Wild Cat
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Thu Feb 22, 2007 2:26 pm      Reply with quote
I thought jojoba oil is most similar to our skin lipids. It is not? Confused So what is then? Think

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nyonyakay
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Thu Feb 22, 2007 2:30 pm      Reply with quote
Wild Cat, I think John C. Hill has explained it in his above post.
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Thu Feb 22, 2007 2:47 pm      Reply with quote
nyonyakay,
I know John mentioned Emu Oil and Macadamia Oil. I guess I was confused about whether most similar to our skin lipid means best penetration... Confused

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nyonyakay
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Thu Feb 22, 2007 2:58 pm      Reply with quote
WildCat, this is the basis of my earlier post to him above. Is there such a thing as "trans-dermal" emollients, or is that concept completely at odds with the notion of skin barrier compatibility?

nyonyakay wrote:
Hi John, thank you for the informative post.

Now this begs a question for me: since Macadamia Oil so closely resembles our skin lipids and absorbs well into the skin, is it "trans-dermal"?

Or is this a term made up by the skincare industry?

I have always believed (or been led to believe somewhere along the way) that squalane is by far the most "trans-dermal" emollient, and I use it in my potions on this basis - in the fervent hope that it will enhance absorption of the active ingredients.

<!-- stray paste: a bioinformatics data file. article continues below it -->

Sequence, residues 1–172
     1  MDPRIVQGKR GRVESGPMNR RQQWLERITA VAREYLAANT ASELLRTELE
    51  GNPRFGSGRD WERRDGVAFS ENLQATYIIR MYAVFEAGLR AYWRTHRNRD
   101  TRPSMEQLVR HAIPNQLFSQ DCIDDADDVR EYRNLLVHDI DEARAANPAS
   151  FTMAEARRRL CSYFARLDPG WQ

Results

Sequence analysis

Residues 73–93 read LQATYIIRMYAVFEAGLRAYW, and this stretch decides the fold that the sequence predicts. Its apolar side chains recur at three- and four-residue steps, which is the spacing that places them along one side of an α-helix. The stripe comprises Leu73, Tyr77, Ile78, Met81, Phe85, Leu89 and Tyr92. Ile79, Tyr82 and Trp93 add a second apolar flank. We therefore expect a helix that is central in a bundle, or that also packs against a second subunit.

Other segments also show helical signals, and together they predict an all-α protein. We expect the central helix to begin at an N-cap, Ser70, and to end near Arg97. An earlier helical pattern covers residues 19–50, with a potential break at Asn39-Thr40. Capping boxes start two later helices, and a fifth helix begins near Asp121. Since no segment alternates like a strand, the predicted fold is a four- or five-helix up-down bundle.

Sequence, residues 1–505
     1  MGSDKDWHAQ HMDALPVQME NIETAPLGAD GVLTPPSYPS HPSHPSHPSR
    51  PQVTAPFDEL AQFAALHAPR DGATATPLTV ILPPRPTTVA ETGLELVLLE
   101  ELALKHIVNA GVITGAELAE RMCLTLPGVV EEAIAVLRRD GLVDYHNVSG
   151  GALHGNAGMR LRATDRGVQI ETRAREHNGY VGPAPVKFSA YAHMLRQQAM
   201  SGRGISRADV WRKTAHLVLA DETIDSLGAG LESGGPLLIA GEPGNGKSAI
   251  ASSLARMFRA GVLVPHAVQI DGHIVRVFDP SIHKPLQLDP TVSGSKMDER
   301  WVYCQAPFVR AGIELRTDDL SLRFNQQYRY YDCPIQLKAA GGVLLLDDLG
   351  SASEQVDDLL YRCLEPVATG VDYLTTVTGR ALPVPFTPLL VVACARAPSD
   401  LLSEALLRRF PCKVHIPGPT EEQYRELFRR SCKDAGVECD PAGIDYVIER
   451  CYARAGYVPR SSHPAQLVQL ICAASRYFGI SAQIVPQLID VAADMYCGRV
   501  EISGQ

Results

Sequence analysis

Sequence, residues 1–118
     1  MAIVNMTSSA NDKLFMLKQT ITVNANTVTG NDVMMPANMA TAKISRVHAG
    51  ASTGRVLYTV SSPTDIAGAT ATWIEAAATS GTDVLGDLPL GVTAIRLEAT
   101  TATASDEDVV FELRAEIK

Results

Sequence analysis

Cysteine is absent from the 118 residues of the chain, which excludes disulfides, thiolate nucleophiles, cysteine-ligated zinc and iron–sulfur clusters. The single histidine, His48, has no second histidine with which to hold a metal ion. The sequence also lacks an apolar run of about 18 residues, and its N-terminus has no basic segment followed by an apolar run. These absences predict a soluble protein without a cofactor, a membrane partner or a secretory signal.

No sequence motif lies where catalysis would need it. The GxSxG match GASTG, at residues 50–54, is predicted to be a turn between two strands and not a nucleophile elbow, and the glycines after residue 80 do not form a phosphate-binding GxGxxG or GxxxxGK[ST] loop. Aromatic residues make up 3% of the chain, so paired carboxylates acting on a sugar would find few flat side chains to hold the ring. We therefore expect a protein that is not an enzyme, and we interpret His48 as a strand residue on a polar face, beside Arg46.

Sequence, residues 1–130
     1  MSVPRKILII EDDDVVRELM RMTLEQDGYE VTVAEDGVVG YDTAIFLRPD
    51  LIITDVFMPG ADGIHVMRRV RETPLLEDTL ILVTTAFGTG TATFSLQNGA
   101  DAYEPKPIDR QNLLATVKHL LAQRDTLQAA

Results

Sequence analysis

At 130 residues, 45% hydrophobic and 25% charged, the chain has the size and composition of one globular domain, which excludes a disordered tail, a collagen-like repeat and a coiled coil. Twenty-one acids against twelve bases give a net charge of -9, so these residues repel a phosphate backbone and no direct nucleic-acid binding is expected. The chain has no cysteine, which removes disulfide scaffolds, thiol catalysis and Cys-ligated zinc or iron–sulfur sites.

In your opinion, what are the most trans-dermal emollients?
catski
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Thu Feb 22, 2007 3:02 pm      Reply with quote
Wild Cat wrote:
nyonyakay,
I know John mentioned Emu Oil and Macadamia Oil. I guess I was confused about whether most similar to our skin lipid means best penetration... Confused



Yes, these are all new terms to me too, so I'm reading with confused interest hoping it will all gradually become clearer to me!

It sounds like you got it right, WildCat.. "similar to our skin lipid means best penetration..."

( I think!)
nyonyakay
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Thu Feb 22, 2007 3:06 pm      Reply with quote
[quote="catskiIt sounds like you got it right, WildCat.. "similar to our skin lipid means best penetration..."

( I think!)[/quote]

Neutral Rather than being swayed by the weight of numbers of opinions, I'm holding out for the scientific explanation.
John C. Hill
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Thu Feb 22, 2007 3:44 pm      Reply with quote
The ingredient that I use the most in order to get deep skin penetration is "ethoxydiglycol". I use it in my self-tanning formulas to drive the DHA or other ingredients deep into the skin.

In the past, the "old school" method was DMSO. However, that material got a bad rap when impure DMSO was being sold and the impurities were making it into the users bodies leading to sickness.